The so-called Arab Spring exposed the lack of intellectual depth needed to stop the ruling regimes from being able to thwart the protesters. The time is for reflection.
As far as the notion of the ‘Arab world’ goes, it has to be acknowledged that this is not an uncontested term. Shared cultural, linguistic, religious and historical legacies should not take away from the fact that the region cannot ultimately be considered as a monolith.
As Hamid Dabashi recently pointed out, the state-sponsored ideology of pan-Arabism – which today arguably survives in people’s imagination – is at an end, nothing more than a colonial delusion and a racialized ideology that pacifies the indigenous social and political dynamics of the societies that make up the Arab world.
For the sake of simplicity then – which is of course always potentially dangerous – the term ‘Arab world’ as it is used here is to be understood as a fluid entity endowed with a ‘soft meaning’ in which the elements of differentiation seem to be as important as those that unify it.
Taking stock of the political situation in the Arab world today, one is quick to realise that – as is often the case – reality is more complicated than the often-polarised discussions of media pundits. While the lived realities of the people of the region are varied, from Morocco to the Gulf, many people’s experience can at least be partially understood through the variant lenses of either war, oppression or desperation.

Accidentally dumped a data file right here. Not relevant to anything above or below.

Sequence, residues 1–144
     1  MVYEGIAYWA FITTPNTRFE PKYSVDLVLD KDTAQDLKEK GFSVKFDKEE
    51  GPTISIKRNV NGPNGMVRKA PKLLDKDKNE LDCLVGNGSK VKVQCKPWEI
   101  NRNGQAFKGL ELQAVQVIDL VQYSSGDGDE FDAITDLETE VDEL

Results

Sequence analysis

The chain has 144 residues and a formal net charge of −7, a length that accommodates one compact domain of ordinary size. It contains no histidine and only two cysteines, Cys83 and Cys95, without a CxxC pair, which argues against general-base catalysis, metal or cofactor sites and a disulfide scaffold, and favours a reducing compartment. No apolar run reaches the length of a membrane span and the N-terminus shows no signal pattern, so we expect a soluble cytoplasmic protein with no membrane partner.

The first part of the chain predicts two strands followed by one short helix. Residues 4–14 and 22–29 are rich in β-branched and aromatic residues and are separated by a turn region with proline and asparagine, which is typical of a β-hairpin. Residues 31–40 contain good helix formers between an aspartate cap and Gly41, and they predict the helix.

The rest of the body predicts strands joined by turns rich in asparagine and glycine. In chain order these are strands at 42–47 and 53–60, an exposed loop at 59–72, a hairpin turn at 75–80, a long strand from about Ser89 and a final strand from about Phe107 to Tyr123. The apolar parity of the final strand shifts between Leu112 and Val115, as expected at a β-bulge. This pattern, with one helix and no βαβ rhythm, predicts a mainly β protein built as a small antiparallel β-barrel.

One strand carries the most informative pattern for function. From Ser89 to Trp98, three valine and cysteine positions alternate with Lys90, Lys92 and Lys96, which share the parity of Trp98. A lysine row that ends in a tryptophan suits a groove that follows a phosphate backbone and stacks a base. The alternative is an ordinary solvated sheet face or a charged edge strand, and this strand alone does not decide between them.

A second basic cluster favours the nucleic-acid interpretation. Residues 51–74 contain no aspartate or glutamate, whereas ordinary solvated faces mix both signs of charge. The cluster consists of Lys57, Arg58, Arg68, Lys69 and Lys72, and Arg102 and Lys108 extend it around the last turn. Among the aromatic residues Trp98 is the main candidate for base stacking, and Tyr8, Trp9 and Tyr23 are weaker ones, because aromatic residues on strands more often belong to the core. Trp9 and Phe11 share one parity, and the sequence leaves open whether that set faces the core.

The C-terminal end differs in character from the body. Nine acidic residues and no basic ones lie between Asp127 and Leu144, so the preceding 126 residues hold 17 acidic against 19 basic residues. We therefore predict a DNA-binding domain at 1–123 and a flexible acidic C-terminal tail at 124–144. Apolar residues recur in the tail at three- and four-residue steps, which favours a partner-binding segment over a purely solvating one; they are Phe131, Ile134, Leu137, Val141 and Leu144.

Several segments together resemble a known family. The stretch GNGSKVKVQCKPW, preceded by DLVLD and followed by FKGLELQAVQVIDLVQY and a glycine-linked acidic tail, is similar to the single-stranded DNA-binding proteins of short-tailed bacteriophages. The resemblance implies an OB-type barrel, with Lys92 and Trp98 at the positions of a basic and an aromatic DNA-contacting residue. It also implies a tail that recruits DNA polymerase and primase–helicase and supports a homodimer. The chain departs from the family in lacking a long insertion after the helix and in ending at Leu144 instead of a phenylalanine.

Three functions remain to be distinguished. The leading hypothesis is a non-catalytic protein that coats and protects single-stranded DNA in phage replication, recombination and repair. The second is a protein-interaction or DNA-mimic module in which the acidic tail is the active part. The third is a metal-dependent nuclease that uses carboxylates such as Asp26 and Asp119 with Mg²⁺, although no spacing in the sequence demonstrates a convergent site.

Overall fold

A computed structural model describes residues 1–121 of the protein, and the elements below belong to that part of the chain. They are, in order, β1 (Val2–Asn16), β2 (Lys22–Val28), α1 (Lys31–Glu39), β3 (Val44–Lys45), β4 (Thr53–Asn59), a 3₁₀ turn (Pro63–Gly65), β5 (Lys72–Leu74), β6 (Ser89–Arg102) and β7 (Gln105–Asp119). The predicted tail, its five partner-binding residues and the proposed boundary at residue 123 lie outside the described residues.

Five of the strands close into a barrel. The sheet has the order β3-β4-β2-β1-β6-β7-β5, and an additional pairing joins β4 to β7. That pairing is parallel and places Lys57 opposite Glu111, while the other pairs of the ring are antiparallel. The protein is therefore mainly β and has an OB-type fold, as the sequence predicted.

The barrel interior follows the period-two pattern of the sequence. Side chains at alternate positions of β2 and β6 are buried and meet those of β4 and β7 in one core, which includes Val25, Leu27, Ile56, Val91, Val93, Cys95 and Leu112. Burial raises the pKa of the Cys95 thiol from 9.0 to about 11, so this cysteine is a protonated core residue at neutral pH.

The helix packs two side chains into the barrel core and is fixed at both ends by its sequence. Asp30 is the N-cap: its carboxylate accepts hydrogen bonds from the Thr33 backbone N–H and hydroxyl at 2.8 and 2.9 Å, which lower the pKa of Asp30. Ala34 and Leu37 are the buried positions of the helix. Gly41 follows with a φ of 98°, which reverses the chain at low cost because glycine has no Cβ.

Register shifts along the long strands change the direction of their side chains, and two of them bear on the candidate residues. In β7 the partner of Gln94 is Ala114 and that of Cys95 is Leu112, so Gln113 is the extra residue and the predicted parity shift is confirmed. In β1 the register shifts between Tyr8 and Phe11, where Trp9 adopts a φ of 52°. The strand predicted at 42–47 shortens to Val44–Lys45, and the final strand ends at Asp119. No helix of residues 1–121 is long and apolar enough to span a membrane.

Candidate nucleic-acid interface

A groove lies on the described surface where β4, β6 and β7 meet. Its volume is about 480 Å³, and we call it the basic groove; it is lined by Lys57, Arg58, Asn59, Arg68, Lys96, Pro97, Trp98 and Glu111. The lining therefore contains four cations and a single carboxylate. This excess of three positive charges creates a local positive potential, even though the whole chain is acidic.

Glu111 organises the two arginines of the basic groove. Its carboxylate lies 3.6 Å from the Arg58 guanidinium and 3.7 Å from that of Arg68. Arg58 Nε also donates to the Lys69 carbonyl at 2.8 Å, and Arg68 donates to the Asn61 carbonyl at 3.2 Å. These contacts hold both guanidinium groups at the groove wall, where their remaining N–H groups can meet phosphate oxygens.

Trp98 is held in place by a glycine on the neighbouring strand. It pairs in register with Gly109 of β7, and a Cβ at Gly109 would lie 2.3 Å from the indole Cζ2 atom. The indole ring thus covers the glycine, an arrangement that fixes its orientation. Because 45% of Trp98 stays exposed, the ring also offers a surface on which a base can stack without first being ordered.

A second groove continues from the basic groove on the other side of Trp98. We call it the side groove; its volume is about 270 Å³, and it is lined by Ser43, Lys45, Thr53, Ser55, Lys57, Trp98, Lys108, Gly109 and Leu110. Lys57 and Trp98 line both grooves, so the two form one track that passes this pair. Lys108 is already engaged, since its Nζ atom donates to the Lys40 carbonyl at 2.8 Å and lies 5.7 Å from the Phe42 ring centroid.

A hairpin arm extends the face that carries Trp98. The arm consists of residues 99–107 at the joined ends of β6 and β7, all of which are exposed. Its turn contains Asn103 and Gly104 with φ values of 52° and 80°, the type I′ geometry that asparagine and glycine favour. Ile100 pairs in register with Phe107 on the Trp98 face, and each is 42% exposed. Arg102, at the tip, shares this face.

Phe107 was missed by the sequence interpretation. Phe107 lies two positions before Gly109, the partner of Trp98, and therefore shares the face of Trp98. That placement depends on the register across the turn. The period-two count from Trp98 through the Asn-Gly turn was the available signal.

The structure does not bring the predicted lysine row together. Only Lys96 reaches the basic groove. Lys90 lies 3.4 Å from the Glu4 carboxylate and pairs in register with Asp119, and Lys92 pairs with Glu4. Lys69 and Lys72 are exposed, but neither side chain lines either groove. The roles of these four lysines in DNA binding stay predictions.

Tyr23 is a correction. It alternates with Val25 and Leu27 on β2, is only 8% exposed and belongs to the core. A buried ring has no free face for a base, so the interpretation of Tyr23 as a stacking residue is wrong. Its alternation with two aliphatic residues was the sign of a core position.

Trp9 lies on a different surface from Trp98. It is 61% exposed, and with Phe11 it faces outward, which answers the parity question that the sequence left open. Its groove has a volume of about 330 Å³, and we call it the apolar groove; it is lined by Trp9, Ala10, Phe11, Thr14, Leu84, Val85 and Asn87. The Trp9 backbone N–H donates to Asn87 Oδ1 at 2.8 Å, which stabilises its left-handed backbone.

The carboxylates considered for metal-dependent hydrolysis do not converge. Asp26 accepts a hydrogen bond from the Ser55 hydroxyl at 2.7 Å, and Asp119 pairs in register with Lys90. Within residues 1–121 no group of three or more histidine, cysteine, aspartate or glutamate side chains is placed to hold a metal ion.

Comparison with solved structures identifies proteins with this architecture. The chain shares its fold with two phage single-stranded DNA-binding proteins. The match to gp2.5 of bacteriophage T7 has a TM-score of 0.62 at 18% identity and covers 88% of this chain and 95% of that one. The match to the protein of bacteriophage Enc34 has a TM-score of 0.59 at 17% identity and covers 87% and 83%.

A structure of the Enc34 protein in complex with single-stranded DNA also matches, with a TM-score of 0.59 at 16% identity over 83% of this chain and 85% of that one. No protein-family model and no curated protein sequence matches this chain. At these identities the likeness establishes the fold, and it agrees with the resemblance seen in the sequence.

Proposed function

This is particularly true in the wake of the so-called Arab Spring. While undeniably leading to some remarkable developments – particularly on the level of civil society – with rare exception, the ‘spring’ has regressed into winter.
Today, we see an Egypt that is governed by a more oppressive and paranoid regime than at any time in its modern history; Syria – at least what’s left of it – remains in the blood-soaked hands of Bashar al-Assad; Yemenis are dying from disease and starvation on a daily basis; Saudi Arabia and the UAE, under the de-facto rule of reactionary would-be heirs to the throne, have traded in the old, consensual mode of governance for a kind of upside-down world version of Neil Postman’s ‘Amusing Ourselves to Death.’ Political divisions persist as states in the region continue to divide themselves along increasingly rigid factional lines.
The mainstream opposition in many Arab countries, often led by Muslim Brotherhood affiliates, have been hamstrung by a so-called counter-revolutionary push and – in addition to prioritising organizational survival – seem to have little to offer in the realm of political thought beyond a re-framing of what are essentially neo-liberal approaches to politics, society and economics with an Islamic flavour.